Ballmer at work on Microsoft restructuring, report says

CEO Steve Ballmer is reportedly at work on a "major" change to his company's structure to focus its efforts on devices and services.

Microsoft's CEO Steve Ballmer with his company's Surface tablet.
Microsoft's CEO Steve Ballmer with his company's Surface tablet. Josh Lowensohn/CNET

Microsoft, a software giant since the dawn of the PC era, might not be so focused on software much longer.

CEO Steve Ballmer is in the process of managing a "major restructuring" that would shift his company's center of balance, All Things Digital's Kara Swisher is reporting on Monday, citing people who claim to have knowledge of Microsoft's plans. Rather than base its business on software, as it has since its inception, Microsoft would transition to a "devices and services company," Swisher's sources say.

Ballmer might have already laid the groundwork for that transition last year when he wrote a note to shareholders declaring that " this is really a new era for our company ." He pointed out in that letter that Microsoft would increasingly focus on devices and services.

Given how important Windows and Office are to Microsoft's bottom line, it's unlikely those platforms will be pushed aside. However, Swisher's sources say that several executives within Microsoft could soon have more important roles at the company. Among those executives are Tony Bates, head of Skype, and Don Mattrick, president of the Interactive Entertainment division that handles Xbox and other services.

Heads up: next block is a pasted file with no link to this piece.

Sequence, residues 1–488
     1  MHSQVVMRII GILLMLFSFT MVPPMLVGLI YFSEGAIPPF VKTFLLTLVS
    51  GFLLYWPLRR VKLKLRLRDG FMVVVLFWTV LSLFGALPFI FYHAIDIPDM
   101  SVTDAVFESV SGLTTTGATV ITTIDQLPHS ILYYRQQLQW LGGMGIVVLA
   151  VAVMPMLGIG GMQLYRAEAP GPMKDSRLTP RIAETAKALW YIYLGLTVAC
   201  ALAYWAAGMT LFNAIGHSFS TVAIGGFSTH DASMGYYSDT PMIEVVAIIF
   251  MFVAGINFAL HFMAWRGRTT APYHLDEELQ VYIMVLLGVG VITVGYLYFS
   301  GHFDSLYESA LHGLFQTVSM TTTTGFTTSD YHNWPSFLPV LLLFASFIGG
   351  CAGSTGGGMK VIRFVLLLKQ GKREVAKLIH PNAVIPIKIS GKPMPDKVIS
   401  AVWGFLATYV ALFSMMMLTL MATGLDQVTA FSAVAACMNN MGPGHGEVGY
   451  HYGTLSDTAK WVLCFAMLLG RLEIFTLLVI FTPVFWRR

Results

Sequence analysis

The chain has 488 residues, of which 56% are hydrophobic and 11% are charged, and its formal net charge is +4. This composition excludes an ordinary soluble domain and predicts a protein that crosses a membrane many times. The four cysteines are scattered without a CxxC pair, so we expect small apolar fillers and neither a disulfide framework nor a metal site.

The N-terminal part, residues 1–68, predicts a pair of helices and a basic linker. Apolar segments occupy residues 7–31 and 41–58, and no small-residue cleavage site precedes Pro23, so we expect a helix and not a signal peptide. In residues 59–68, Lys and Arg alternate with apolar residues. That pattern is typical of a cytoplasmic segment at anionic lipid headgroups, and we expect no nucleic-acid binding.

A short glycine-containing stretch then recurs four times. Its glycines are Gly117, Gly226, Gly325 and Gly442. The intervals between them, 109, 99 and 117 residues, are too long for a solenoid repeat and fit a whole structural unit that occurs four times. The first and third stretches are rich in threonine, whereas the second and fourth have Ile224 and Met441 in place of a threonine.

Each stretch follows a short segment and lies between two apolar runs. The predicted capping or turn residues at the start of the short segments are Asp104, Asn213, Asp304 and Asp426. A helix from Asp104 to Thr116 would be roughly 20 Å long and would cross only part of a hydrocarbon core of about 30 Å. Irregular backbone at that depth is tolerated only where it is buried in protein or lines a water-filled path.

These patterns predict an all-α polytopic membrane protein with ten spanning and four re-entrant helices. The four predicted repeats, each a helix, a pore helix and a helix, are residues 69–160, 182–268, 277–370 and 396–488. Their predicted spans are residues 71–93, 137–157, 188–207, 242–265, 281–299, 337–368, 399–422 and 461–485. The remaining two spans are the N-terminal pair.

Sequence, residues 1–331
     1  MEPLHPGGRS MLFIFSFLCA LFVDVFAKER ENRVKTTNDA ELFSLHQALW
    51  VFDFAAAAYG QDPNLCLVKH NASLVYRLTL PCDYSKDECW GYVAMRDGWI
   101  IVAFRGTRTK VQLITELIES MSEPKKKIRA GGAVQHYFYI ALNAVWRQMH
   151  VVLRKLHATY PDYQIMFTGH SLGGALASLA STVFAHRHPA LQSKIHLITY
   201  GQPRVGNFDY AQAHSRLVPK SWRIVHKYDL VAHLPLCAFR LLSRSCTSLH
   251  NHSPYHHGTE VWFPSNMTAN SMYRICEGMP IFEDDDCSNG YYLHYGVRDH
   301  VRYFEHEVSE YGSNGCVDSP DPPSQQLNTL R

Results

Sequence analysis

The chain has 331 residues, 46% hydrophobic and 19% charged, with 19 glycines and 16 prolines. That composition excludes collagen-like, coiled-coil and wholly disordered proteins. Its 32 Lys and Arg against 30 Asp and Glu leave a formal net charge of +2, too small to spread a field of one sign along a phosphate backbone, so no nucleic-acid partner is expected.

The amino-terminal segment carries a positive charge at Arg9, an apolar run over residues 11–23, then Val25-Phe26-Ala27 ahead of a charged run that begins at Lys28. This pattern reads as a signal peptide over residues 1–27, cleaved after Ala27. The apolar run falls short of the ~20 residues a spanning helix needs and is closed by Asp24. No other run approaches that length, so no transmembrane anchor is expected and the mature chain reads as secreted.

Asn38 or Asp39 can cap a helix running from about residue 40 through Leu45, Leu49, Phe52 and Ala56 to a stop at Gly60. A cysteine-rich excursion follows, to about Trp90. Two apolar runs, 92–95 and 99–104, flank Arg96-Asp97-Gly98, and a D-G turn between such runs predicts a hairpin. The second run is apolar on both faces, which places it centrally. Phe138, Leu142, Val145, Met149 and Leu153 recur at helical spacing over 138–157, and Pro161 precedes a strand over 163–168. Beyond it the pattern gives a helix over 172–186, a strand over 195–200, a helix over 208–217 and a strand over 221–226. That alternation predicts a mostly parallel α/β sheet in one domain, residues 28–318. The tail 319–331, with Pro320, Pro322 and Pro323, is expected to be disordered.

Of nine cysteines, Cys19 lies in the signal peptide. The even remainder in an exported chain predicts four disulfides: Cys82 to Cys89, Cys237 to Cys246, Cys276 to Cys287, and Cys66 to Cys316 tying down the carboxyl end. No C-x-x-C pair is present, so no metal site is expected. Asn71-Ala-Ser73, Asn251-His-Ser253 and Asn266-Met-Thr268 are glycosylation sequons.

Last month, Microsoft showed off its latest device creation, the Xbox One. The company also sells its own brand of Surface tablets running Windows. If the restructuring happens, it's possible more devices will be coming from the software giant.

CNET has contacted Microsoft for response to the All Things Digital report. We will update this story when we have more information.

About the author

Don Reisinger is a technology columnist who has covered everything from HDTVs to computers to Flowbee Haircut Systems. Besides his work with CNET, Don's work has been featured in a variety of other publications including PC World and a host of Ziff-Davis publications.


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